Wellness is having a moment at meetings — enough so that 3D Media, an event-promotion and sponsorship agency, was asked to create a custom health challenge for a major automotive-industry convention held earlier this year. The group’s planners had decided to incorporate both health and wellness initiatives into the four-day show, as well as to create activities that would appeal to guests of the more than 20,000 member attendees.
To meet those objectives, 3D decided to create two separate experiences: a pedometer-based walking contest and an immersive fitness challenge, both of which ran throughout the event. The fitness activity was set up right on the show floor, while for the walking contest, participants picked up pedometers at a registration booth at the beginning of the meeting.
The pedometer contest challenged attendees to hit a goal of 10,000 steps each day of the show — which also encouraged them to visit all three event venues and expo halls.
The pedometer contest, called Walk This Way, challenged attendees to hit a goal of 10,000 steps each day of the show — which also encouraged them to visit all three event venues and expo halls. Attendees wore pedometers and reported their step totals at the end of the day. FitBits were handed out to the two attendees with the highest step totals each day. There was also an awards ceremony at the end of the conference where a $1,000 check was presented to the attendee with the highest overall step total over the four days of the meeting.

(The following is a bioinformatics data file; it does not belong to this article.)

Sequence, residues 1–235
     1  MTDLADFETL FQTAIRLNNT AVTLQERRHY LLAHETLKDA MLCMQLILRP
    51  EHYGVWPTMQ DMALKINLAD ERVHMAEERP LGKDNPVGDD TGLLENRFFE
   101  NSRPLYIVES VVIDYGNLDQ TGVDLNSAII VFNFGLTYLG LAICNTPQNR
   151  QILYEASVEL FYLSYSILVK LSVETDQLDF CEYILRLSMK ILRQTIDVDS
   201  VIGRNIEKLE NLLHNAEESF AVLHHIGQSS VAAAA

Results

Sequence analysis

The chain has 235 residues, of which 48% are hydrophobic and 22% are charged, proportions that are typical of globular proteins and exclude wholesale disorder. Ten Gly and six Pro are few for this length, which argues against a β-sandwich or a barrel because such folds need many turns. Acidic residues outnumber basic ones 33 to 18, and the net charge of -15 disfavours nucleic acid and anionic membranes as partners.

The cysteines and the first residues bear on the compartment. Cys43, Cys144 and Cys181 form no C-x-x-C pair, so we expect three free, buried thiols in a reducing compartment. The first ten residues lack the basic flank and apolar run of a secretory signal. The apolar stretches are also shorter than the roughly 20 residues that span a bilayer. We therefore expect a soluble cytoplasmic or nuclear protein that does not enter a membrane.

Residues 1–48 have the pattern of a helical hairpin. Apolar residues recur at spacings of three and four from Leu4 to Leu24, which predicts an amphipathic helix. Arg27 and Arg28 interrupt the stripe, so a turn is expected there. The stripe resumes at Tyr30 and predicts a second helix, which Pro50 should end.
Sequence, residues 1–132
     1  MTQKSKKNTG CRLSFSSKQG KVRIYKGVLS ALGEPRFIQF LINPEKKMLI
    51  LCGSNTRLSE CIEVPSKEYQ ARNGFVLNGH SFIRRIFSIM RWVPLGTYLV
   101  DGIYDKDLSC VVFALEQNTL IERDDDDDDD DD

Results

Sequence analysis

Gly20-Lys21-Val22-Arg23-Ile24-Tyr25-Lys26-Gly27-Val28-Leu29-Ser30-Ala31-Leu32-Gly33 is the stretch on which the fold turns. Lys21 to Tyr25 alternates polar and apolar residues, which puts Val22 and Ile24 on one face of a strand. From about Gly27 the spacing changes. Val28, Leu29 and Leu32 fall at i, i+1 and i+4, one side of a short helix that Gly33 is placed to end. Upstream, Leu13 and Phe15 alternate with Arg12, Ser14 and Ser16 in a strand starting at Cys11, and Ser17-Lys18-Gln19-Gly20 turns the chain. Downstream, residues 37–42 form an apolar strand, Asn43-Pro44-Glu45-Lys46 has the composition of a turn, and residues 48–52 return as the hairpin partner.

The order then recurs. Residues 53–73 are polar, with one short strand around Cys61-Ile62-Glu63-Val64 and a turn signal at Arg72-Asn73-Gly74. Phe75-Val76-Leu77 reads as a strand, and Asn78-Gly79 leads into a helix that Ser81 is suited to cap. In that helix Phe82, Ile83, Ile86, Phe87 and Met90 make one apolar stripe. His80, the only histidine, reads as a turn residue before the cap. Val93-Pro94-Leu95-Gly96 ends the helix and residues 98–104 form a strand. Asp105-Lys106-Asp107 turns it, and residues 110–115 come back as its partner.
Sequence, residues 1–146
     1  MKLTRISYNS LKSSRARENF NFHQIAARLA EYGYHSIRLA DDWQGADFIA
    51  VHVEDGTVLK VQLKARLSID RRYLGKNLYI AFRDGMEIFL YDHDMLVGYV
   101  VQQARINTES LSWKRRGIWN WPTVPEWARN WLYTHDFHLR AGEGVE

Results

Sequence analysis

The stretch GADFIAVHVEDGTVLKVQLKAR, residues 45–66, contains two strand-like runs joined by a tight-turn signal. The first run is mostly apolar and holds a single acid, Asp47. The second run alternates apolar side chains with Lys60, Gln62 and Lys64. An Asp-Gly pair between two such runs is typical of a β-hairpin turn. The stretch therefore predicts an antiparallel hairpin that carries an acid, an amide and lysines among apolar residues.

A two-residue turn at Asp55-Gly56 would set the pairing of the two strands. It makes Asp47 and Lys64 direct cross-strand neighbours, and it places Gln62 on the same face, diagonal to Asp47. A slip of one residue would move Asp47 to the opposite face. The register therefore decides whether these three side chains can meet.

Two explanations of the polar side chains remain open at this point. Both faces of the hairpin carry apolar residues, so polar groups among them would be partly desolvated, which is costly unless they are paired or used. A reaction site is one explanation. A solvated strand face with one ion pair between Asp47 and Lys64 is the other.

“By virtue of our pre-registration process and where we were placed at the conference, the pedometer contest had amazing participation,” said Christman Dunhill, 3D’s creative director, who oversaw the creation and implementation of both programs. Dunhill’s team handed out more than 3,000 pedometers during the first day and a half of the meeting. More than a thousand attendees pre-registered, and fully 70 percent reported their daily step totals. “Throughout the day,” Dunhill said, “we sent them encouraging comments and facts about walking.”
The second component of 3D’s health-and-wellness initiative was the four-circuit Lifestyle Challenge, which included a NASCAR-racing simulator, Nintendo Wii basketball, dancing, and bowling. “The entire contest was held together by one scoring and registration process,” Dunhill said. “The idea was that when someone went through circuit one, their score was revealed in real time on a video-monitor leaderboard. At the end of the event, everyone had an overall score based on how they competed in the four separate circuits.” Attendees who competed in each of the four challenges were entered into daily drawings for gift certificates.
“The best compliment is that folks were engaged in the competition for 15 to 20 minutes,” Dunhill said. “Participation was pretty solid. Those are the biggest drivers for us. Seeing somebody dancing to Gloria Estefan within the footprint of a trade show is kind of fun.”
3D has run similar health-and-wellness programs for other large events. Whenever possible, they tailor the challenges and initiatives to the particular industry or discipline represented at the meeting. Dunhill particularly enjoyed the challenge of dreaming up activities for a major law-enforcement convention, where simulated target-practice and mock suspect-apprehension games were met with roaring approval from attendees.
Dunhill’s “winning formula,” he said, is to talk to show organizers and conduct his own background research, allowing him to create experiences that are both relevant to attendees and a lot of fun. And good for them, too.